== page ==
As noted above, if the MA plan’s financial bid is below the county benchmark, the plan’s rebated amount must be used to provide plan beneficiaries with reduced premiums or out-of-pocket costs, or provide supplemental health benefits. The supplemental benefits that MA plans can offer are wide-ranging, including additional hospital days, alternative therapies, chiropractic and counseling services, dental and oral health services, enhanced disease management, eye exams and eye glasses, fitness benefits, health education, meals and nutritional education, podiatry and telehealth and remote monitoring services, and transportation. It is worth noting that most MA plans also offer Part D prescription drug coverage and—likely the most significant supplement benefit—unlike fee-for-service or ACO care, MA plans include catastrophic coverage in that plans are required to cap annual beneficiary out-of-pocket costs.
ACOs can neither reduce nor waive out-of-pocket beneficiary expenses. CMS has floated the idea of approving a limited number of payment waivers that would allow ACOs, for example, to provide home health services to beneficiaries that do not meet the home bound requirement or provide telehealth services to beneficiaries not residing in rural areas. To date, CMS has only approved a skilled nursing facility (SNF) waiver that would allow an ACO beneficiary to receive SNF care without a prerequisite 3-day inpatient hospital stay. This waiver was approved beginning in 2017 for Track 3 ACOs only.7 ACO services do not cover Part D; unlike MA plans, however, they do cover hospice care costs.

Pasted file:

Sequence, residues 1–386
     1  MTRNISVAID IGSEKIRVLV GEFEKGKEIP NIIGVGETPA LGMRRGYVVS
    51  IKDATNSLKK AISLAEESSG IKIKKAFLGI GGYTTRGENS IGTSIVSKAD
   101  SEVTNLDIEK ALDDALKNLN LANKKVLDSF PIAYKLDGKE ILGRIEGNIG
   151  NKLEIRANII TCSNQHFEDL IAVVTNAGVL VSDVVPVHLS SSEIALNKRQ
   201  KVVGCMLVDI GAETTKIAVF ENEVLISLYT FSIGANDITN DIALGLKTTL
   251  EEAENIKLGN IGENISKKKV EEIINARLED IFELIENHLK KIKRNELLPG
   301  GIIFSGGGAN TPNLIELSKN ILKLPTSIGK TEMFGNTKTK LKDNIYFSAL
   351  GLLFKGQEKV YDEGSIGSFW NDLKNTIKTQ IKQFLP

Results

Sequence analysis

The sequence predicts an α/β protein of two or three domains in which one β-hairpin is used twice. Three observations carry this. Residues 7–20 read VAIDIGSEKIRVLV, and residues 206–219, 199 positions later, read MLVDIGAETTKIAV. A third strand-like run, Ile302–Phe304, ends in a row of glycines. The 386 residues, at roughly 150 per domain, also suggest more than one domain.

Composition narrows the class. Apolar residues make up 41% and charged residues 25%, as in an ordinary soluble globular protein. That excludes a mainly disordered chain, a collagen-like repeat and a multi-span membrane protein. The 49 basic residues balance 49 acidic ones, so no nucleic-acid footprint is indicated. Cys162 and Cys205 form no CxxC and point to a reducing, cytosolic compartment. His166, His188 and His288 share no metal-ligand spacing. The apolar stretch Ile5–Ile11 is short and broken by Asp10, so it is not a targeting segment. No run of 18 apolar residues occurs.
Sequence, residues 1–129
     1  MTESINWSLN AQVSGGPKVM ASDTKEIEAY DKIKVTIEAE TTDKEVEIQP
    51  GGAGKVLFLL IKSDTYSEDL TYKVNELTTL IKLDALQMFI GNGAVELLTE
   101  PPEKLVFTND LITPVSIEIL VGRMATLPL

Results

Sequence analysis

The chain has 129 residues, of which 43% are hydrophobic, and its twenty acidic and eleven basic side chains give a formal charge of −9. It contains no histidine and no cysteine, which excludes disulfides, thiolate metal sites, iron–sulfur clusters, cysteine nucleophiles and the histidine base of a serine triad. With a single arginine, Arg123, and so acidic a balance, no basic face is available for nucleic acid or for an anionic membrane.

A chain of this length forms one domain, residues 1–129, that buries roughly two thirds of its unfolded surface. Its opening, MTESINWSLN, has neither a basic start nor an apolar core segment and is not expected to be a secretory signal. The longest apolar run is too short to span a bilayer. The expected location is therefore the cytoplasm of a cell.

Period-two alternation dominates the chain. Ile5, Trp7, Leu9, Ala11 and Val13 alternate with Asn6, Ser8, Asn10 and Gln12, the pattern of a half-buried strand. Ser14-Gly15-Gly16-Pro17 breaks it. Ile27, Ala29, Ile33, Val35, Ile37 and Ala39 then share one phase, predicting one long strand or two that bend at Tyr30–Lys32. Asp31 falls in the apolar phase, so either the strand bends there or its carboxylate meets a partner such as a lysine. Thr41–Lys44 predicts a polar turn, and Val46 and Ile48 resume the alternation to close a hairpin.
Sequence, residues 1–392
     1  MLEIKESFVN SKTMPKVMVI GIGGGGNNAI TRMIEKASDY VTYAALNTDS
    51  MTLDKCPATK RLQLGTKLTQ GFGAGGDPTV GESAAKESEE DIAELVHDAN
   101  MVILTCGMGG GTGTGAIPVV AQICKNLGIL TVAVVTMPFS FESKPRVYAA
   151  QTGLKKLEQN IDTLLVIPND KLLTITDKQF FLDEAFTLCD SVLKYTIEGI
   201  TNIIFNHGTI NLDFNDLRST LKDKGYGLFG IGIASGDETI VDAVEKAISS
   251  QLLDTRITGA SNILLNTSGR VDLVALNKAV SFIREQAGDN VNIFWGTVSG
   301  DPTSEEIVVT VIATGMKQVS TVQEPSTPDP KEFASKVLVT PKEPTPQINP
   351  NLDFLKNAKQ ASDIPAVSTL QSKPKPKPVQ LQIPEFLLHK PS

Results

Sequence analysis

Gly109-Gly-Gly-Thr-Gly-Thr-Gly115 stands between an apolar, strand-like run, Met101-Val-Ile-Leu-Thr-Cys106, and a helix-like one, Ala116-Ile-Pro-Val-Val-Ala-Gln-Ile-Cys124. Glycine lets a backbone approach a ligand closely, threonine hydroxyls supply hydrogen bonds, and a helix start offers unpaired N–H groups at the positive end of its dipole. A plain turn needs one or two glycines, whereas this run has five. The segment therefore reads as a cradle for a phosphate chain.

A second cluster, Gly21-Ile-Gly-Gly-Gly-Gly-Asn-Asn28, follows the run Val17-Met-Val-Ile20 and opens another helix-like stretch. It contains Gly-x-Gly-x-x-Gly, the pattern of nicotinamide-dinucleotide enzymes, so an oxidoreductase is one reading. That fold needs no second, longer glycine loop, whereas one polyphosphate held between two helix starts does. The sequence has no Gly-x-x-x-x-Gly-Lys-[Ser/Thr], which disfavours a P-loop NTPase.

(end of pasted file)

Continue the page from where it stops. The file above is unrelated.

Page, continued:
CMS allows MA plans to offer supplemental benefits because these costs are consumed by the rebate, and again, because MA plans are paid a PMPM capitated rate. An ACO that has paid all its fee-for-service charges, has its payments reconciled against its benchmark after year’s end. Because over 99% (or 419) of current ACOs participate in Track 1—where annual reimbursement totals in excess of the benchmark are not owed or repaid—in effect, CMS does not trust ACO providers to utilize additional services wisely or in a cost-efficient manner. Regardless, the effect results in a distinctly uneven playing field.